Notes for Discommunication Seireihen chapter 12

v1.0.1, 2011-10-01
For the latest version of these notes, or to use the hyperlinks, go to http://www.ikaga.org/notes/seireihen12.html

Page 152-153

Most western sources hyphenate "asobi-be" so I've followed that convention elsewhere in the chapter. Here (and in the ToC) it's not, because I'm lazy.

Page 158

I haven't been terribly consistent with the Japanese word "kokoro," which literally means "heart" but encompasses the mind and the soul. In earlier chapters I've primarily used "mind." In this chapter Ueshiba starts putting an emphasis dot next to it; accordingly I've started using words like "soul" and "spirit." There's probably a more elegant approach, but again, laziness rules the day.

Page 161

In the Western literature, which we should perhaps take with the usual grain of salt, the asobi-be are described as placators "whose poems recall and pacify the spirits of the dead" (see Herbert E. Plutschow, Chaos and Cosmos). In another paper, Plutschow notes that "the ancient Japanese feared that the more powerful a person was in life, the greater placation he or she needed in death, especially if that death had been premature or unnatural," and quotes the Ryō no Shuge: "This is a clan which mediates between the dark and light worlds. The Asobi-be appease impure and impish spirits which cause disease" (Plutschow, "Towards a Definition of Tama," collected in Rethinking Japan, ed. Adriana Boscaro). By the way, I'm really thankful for Google Books. It wouldn't be possible to do this sort of painless low-impact scholarship without it.

Page 163

To understand how asobi went from "deity placation" to "fun fun fun fun," we have to get into a bit of background. First of all, Shinto is homegrown Japanese religion, dating from ancient times, which was somewhat codified in the seventh and eighth centuries. The asobi-be came to prominence during the period of what Plutschow calls "imperial Shinto," where the ruling order gave certain families a monopoly over particular religious ceremonies. As time went by, the Buddhist influence in Japan grew stronger and eventually displaced the asobi-be; this occurred by the mid-eighth century. As Yung-Hee Kim Kwon writes (from a feminist perspective), "consequently, among these women, who had no land basis or special mundane skills, many began to take up the itinerant mode of life, turning increasingly to performing arts and often to prostitution." By the Heian period, they had formed permanent settlements and were very much in demand for their services. They would attract customers with their songs while cruising on boats, an attribute that distinguished them from common prostitutes. (Yung-Hee Kim Kwon, The Female Entertainment Tradition in Medieval Japan: The Case of "Asobi". JSTOR, Google Books excerpt) To sum up, across several centuries, a word associated with serious business religious ceremony became a byword for the pleasure district.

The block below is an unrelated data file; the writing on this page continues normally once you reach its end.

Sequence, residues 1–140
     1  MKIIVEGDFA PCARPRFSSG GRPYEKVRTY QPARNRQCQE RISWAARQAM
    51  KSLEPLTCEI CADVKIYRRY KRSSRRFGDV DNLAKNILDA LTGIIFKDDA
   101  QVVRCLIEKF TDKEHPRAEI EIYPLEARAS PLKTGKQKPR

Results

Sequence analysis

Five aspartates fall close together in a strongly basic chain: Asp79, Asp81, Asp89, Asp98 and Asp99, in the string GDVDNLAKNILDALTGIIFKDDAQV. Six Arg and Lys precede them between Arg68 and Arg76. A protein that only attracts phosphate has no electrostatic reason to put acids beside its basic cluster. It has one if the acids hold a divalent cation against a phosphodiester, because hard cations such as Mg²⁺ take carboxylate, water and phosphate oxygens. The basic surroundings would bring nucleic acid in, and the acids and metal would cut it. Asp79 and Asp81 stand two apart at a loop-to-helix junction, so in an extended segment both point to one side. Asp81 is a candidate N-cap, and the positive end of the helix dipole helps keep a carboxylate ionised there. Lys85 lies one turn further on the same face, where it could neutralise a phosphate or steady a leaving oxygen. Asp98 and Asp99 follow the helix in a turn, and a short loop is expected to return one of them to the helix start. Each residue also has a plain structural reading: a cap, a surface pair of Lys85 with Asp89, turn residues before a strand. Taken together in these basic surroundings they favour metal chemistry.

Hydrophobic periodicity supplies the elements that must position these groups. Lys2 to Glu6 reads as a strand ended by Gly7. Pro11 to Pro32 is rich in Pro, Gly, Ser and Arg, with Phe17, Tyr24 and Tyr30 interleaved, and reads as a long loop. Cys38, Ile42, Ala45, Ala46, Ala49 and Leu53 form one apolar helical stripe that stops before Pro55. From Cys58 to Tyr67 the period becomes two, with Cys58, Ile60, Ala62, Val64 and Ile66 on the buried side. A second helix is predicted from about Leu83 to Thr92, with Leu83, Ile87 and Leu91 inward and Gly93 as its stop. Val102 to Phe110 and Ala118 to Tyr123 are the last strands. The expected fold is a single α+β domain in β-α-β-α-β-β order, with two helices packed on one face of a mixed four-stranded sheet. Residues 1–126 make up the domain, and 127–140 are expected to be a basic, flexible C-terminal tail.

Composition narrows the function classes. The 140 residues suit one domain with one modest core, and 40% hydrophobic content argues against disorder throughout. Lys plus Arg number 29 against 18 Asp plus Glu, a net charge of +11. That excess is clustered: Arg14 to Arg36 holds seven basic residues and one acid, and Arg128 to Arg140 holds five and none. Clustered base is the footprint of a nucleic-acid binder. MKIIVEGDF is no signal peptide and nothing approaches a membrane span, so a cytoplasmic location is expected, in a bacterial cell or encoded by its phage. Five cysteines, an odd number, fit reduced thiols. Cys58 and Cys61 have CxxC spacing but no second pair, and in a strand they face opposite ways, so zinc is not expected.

This form of Broom God (hōkigami) is a Ueshiba creation as far as I can tell. [Andrew Cunningham calls these Holy Brooms, which sounds better.] Magatama are curved beads, often made of jade.

Page 169

Nichiyousei: "Sunday star." Recall that the Yume Tsukai are named for the Navagraha of Hindu Astrology.

Page 174

The chicken actually says "Mazinger Z chogokin." Chogokin, which literally means "superalloy," is a brand name first used by the Popy company for its line of die-cast toys. Bandai still uses this brand (e.g. chogokin tamashii, "soul of chogokin") and "chogokin" has become a sort of generic term for this kind of toy.

"Rocket Punch" and "Breast Fire" are trademark attack functions of Mazinger Z.

Page 175

I don't have good resources for ancient scripts, so I'll have to give Ueshiba a pass on this one.

Page 181

Touko actually says a catchphrase from the 1969 anime Hakushon Daimaoh, which was adapted to international audiences as Bob in a Bottle or The Genie Family. The anime is about a genie who comes out whenever somebody sneezes, and his genie daughter who comes out whenever somebody yawns. Of course, the point of the show is for hilarity to ensue; neither genie gets the wisher exactly what they want. Anyway, Touko quotes what the genie says when he appears: "Yobarete Tobidete Jajajaja-n!" I tried finding an example of this on Youtube but could only find the opening and ending, along with an ungodly number of pachislot videos. I ended up downloading the first episode of a dual-audio Italian fansub (strictly for research purposes, mind you) and while it's kind of funny, it's pretty dated. But now I can't get the Akubi song out of my head...

Page 182

The reference Ueshiba makes is to Space Sheriff Sharivan, the sequel to Space Sheriff Gavan, which we've encountered previously. Like Gavan, whose "jouchaku" gets his combat suit beamed onto him in 0.05 seconds, Sharivan has "sekisha jouchaku." The joke is that Sharivan's suit is red, like Dokin-chan. Here's a promo video of all three Space Sheriffs. Makes me kind of regret that I wasn't into Power Rangers when I was a kid. Okay, not really.

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